“Over the last decade, advances in microfluidics experiments have revealed many unexpected phenomena in the flow of EVP materials,” said Professor John Tsamopoulos, from the University of Patras. “Examples include the cusped shapes of bubbles in the gels and the loss of symmetry in the flow. These and other observations hinted that something was missing from the existing theory. Previous research in our lab suggested that elasticity, the ability of the material’s microstructure to deform before yielding, was the missing part of the puzzle.”

Professor Amy Shen, who leads the OIST Unit, said, “Even when basic household items are set aside, having a fundamental understanding of how EVP materials flow is very useful, especially in biomedical science and geophysics.” For example, she explained, blood is an EVP material—it behaves like a solid at rest, but flows like a liquid in arteries. What’s more, she added, some 3-D-printed tissues and scaffolds can have EVP properties, and, on the geophysics side, volcanic lava behaves like an EVP material albeit on a much larger scale.

Dr. Simon Haward holds up the apparatus for measuring the extensional flow of EVP materials. Credit: OIST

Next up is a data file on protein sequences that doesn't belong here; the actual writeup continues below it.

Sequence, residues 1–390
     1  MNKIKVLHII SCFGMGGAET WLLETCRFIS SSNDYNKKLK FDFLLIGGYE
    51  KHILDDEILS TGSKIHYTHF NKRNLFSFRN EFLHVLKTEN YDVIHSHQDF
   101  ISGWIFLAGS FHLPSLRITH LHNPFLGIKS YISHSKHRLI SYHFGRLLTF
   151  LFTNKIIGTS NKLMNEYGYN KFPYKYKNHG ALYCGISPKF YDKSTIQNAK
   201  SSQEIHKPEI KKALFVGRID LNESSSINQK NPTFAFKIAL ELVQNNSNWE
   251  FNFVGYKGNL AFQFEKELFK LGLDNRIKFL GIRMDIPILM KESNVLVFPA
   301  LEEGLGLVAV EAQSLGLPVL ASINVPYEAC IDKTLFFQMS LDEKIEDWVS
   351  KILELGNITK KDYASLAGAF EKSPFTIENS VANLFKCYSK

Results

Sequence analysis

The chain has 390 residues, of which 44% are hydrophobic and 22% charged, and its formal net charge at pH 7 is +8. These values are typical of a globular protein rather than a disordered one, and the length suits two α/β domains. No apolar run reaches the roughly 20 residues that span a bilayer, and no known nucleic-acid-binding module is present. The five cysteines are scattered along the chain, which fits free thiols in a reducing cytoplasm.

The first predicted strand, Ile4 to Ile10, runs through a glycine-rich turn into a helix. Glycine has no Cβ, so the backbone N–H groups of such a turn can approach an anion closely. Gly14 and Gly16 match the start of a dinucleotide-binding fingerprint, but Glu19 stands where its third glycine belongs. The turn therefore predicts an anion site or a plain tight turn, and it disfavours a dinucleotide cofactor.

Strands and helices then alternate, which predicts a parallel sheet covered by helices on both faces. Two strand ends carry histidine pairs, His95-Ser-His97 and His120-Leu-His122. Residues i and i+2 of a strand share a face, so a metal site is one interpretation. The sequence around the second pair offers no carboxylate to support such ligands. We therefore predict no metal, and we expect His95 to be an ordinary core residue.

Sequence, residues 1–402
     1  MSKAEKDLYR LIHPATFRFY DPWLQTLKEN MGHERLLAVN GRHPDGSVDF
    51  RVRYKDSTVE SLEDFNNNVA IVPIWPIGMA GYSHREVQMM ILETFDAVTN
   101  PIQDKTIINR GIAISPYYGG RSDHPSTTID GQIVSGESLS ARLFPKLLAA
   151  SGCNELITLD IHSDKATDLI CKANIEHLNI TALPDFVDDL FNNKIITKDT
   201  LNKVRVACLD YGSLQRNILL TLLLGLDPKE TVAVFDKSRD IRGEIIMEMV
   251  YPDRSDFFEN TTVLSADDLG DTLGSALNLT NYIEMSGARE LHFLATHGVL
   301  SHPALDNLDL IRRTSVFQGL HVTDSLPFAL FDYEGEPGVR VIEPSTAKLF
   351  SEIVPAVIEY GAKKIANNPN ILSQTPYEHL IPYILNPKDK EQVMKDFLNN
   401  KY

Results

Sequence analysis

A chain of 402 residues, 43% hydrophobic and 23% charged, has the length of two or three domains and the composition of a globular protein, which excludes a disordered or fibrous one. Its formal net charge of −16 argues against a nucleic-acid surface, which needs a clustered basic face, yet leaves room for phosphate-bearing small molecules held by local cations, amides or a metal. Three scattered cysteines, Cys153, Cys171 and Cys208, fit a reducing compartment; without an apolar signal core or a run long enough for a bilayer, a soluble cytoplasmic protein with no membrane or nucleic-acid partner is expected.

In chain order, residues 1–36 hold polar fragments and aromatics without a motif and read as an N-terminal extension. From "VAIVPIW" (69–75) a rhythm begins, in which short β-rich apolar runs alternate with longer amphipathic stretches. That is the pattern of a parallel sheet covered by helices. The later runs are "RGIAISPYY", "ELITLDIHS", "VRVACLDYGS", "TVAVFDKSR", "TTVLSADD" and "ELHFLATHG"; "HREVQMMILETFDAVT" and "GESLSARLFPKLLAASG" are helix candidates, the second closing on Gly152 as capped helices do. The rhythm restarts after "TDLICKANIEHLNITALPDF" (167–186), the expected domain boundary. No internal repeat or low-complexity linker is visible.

Previous experimental research on EVP materials has measured their behavior under shear flow, obtained when layers of fluid slide past each other. But, when it comes to the industrial processing and uses of these materials, such as fiber-spinning and circuit-board printing, it’s often the extensional flow—when the fluid is stretched—that’s more important.

The study of purely extensional flows is a great challenge in experimental fluid dynamics, and the extensional flow of EVP materials has never previously been successfully measured in experiments. To achieve this for the first time, Dr. Simon Haward, the group leader from the Micro/Bio/Nanofluidics Unit, used a novel microfluidic apparatus known as a cross-slot geometry. The apparatus comprised four channels that were all at right angles to each other.